New Straits Times - - Lima'17 - The writer is a re­search fel­low with the Cen­tre for Non-Tra­di­tional Se­cu­rity Stud­ies (NTS), S. Ra­jarat­nam School of In­ter­na­tional Stud­ies (RSIS), Nanyang Tech­no­log­i­cal Uni­ver­sity, Sin­ga­pore

that the coun­try faces mount­ing chal­lenges from such prob­lems, among which air pol­lu­tion re­ceives the widest at­ten­tion due to its vis­i­bil­ity and wide cov­er­age in China. Health ef­fects are the most wor­ry­ing con­se­quence of heavy smog.

Ac­cord­ing to the World Health Or­gan­i­sa­tion, out­door air pol­lu­tion is re­spon­si­ble for dis­eases that lead to pre­ma­ture deaths, which in­clude is­chaemic heart dis­ease, stroke, chronic ob­struc­tive pul­monary dis­ease, lung cancer and acute lower res­pi­ra­tory in­fec­tions in chil­dren.

The Health Ef­fects In­sti­tute, which main­tains re­search on the health ef­fects of air pol­lu­tion across the globe, es­ti­mates that fine par­tic­u­lates con­trib­uted to over one mil­lion deaths in 2015 in China, ac­count­ing for ¼ of the global to­tal.

The wide­spread air pol­lu­tion has eco­nomic con­se­quences. A re­port of the World Bank pointed out that acid rain at­trib­ut­able to sul­phur diox­ide pol­lu­tion cost over US$4 bil­lion (RM17.7 bil­lion) of losses in China’s agri­cul­tural sec­tor. Air pol­lu­tion-as­so­ci­ated health prob­lems im­pose heavy bur­dens on the coun­try’s wel­fare sys­tem, the cost of which was equiv­a­lent to al­most ten per cent of China’s gross do­mes­tic prod­uct (GDP) in 2013.

Other ef­fects on eco­nomic de­vel­op­ment in­clude short­ened work­ing life ex­pectancy, em­i­gra­tion of tal­ents and de­cline of in­bound tourists. More­over, neg­a­tive im­pacts of air pol­lu­tion on peo­ple’s well­be­ing con­sti­tute a risk fac­tor of so­cial sta­bil­ity, with pol­lu­tion ac­count­ing for over half of mass protests in China in re­cent years.

Prob­lems that threaten the ex­is­tence of a coun­try and its peo­ple are con­sid­ered se­cu­rity threats. As demon­strated above, heavy air pol­lu­tion dam­ages the en­vi­ron­ment that the Chi­nese peo­ple de­pend on, en­dan­gers public health se­cu­rity and af­fects eco­nomic de­vel­op­ment. It is a press­ing threat to na­tional se­cu­rity and poses a chal­lenge to the le­git­i­macy of the gov­ern­ment.

To re­spond to and con­trol air pol­lu­tion, the cen­tral and lo­cal gov­ern­ments in China have put in place a set of ex­pe­di­ent mea­sures and in­sti­tu­tion­alised mech­a­nisms. The cen­tral gov­ern­ment launched the Air Pol­lu­tion Preven­tion and Con­trol Ac­tion Plan in 2013, and amended the En­vi­ron­men­tal Pro­tec­tion Law in 2014, which pro­vide guid­ance and a le­gal ba­sis for re­sponses to air pol­lu­tion.

The En­vi­ron­men­tal Pro­tec­tion Min­istry car­ried out re­struc­tur­ing last year to cope with the en­vi­ron­men­tal con­cerns in China in a more fo­cused way. The Beijing Mu­nic­i­pal gov­ern­ment set up a com­pre­hen­sive emer­gency re­sponse sys­tem that deals with a va­ri­ety of public emer­gen­cies and in­volves co­or­di­na­tion among dif­fer­ent gov­ern­ment agen­cies.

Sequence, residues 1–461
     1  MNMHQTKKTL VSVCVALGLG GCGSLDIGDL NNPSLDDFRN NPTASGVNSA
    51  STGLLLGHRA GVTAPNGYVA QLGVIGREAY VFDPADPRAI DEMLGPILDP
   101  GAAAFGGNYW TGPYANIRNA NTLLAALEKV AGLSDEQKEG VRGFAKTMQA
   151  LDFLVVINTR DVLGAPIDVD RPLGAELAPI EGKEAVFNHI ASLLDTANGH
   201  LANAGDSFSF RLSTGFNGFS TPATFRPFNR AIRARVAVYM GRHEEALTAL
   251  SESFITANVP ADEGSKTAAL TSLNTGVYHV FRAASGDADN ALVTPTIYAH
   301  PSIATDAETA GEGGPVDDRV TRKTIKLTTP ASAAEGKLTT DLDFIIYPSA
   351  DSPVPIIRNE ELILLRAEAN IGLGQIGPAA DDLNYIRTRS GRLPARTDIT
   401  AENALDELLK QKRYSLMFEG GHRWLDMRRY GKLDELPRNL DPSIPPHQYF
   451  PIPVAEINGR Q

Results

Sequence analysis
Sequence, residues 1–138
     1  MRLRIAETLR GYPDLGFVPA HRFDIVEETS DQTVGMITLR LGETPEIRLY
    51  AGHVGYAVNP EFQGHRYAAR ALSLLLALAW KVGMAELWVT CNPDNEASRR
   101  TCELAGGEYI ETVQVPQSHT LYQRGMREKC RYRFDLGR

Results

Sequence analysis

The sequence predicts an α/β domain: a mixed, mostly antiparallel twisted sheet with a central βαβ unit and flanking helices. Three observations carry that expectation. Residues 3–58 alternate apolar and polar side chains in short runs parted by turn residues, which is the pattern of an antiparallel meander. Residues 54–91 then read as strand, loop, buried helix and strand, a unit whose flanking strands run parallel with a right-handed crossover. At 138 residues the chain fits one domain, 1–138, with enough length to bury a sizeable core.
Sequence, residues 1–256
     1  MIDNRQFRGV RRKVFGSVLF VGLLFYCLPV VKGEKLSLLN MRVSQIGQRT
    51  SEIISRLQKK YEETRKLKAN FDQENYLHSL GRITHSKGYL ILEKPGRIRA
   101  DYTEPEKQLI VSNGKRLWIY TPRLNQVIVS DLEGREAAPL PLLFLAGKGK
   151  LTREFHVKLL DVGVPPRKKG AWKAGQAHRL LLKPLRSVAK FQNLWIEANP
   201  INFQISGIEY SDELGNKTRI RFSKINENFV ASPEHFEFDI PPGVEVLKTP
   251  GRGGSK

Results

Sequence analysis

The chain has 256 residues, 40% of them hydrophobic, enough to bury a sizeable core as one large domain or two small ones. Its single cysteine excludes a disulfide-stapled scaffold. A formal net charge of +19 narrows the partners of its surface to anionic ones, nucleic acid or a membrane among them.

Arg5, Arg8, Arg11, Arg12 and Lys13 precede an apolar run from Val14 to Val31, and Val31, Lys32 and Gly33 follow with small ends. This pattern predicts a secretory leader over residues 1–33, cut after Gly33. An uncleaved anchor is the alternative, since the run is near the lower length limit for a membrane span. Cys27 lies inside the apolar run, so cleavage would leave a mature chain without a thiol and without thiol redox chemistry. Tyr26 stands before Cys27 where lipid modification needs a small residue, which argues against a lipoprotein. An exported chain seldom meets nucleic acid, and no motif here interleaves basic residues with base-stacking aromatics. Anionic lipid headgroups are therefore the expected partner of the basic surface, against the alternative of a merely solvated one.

To tackle air pol­lu­tion, it is es­sen­tial to limit emis­sions of pol­lu­tants, op­ti­mise en­ergy use and up­grade tech­nolo­gies. Mea­sures to achieve th­ese goals in­clude re­plac­ing ve­hi­cles and ma­chin­ery that do not meet the emis­sions stan­dards, trans­form­ing in­dus­trial pro­duc­tion and pro­mot­ing clean en­ergy sources. Th­ese mea­sures can cause in­con­ve­nience, dis­con­tent and ten­sions.

For prov­inces like Shanxi and He­bei whose eco­nomic pil­lars are pol­lut­ing in­dus­tries, eco­nomic trans­for­ma­tion is likely to af­fect their GDP per­for­mance at least in the short term. Clean en­vi­ron­ment, how­ever, hinges on stake­hold­ers ful­fill­ing their re­spon­si­bil­i­ties, not just the gov­ern­ments, but also en­ter­prises and in­di­vid­u­als.

In view of China’s ris­ing sta­tus in the in­ter­na­tional arena, its war on air pol­lu­tion is of sig­nif­i­cance for global gov­er­nance of NTS is­sues, from cli­mate change and en­vi­ron­men­tal se­cu­rity to public health and en­ergy se­cu­rity, as the coun­try is the world’s largest green­house gas emit­ter and en­ergy con­sumer.

The United Na­tions En­vi­ron­ment Pro­gramme sup­ports China’s ef­fort by adopt­ing a de­ci­sion in Fe­bru­ary 2013 to pro­mote “eco­log­i­cal civil­i­sa­tion”, in­tro­duced by China in 2007, that strives for a har­mo­nious re­la­tion­ship be­tween hu­man ac­tiv­i­ties and the ecosys­tem.

While mea­sures un­veiled by the Chi­nese pre­mier rep­re­sent a state-cen­tric and top-down ap­proach, other so­ci­etal ac­tors like non-gov­ern­men­tal or­gan­i­sa­tions are mak­ing in­creas­ing con­tri­bu­tions to this cause, like push­ing for trans­parency in gov­er­nance; en­gag­ing in pol­i­cy­mak­ing by pro­vid­ing ground in­for­ma­tion and data; and in­creas­ing public aware­ness about self-pro­tec­tion against pol­lu­tion and green lifestyles.

China’s ef­forts in ad­dress­ing th­ese NTS chal­lenges are not only im­por­tant, but also in­struc­tive for Asean coun­tries rapidly un­der­go­ing in­dus­tri­al­i­sa­tion and ur­ban­i­sa­tion.

A woman wear­ing a mask in smog-choked Beijing on Mon­day. The Health Ef­fects In­sti­tute es­ti­mates that fine par­tic­u­lates con­trib­uted to over one mil­lion deaths in China in 2015.

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